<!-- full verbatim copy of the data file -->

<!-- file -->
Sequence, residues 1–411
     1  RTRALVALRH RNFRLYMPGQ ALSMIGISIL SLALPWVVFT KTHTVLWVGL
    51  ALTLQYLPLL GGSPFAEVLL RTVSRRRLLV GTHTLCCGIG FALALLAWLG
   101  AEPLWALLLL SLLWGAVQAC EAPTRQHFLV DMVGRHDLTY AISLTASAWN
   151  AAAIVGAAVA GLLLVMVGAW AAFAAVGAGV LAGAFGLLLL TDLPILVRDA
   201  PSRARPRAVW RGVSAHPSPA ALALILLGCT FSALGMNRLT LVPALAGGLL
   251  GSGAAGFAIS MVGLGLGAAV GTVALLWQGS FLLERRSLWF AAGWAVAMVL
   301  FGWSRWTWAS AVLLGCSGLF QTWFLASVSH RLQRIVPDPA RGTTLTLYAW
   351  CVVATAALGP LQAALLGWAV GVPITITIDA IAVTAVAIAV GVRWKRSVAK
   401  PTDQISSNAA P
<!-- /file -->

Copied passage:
Sequence, residues 1–411
     1  RTRALVALRH RNFRLYMPGQ ALSMIGISIL SLALPWVVFT KTHTVLWVGL
    51  ALTLQYLPLL GGSPFAEVLL RTVSRRRLLV GTHTLCCGIG FALALLAWLG
   101  AEPLWALLLL SLLWGAVQAC EAPTRQHFLV DMVGRHDLTY AISLTASAWN
   151  AAAIVGAAVA GLLLVMVGAW AAFAAVGAGV LAGAFGLLLL TDLPILVRDA
   201  PSRARPRAVW RGVSAHPSPA ALALILLGCT FSALGMNRLT LVPALAGGLL
   251  GSGAAGFAIS MVGLGLGAAV GTVALLWQGS FLLERRSLWF AAGWAVAMVL
   301  FGWSRWTWAS AVLLGCSGLF QTWFLASVSH RLQRIVPDPA RGTTLTLYAW
   351  CVVATAALGP LQAALLGWAV GVPITITIDA IAVTAVAIAV GVRWKRSVAK
   401  PTDQISSNAA P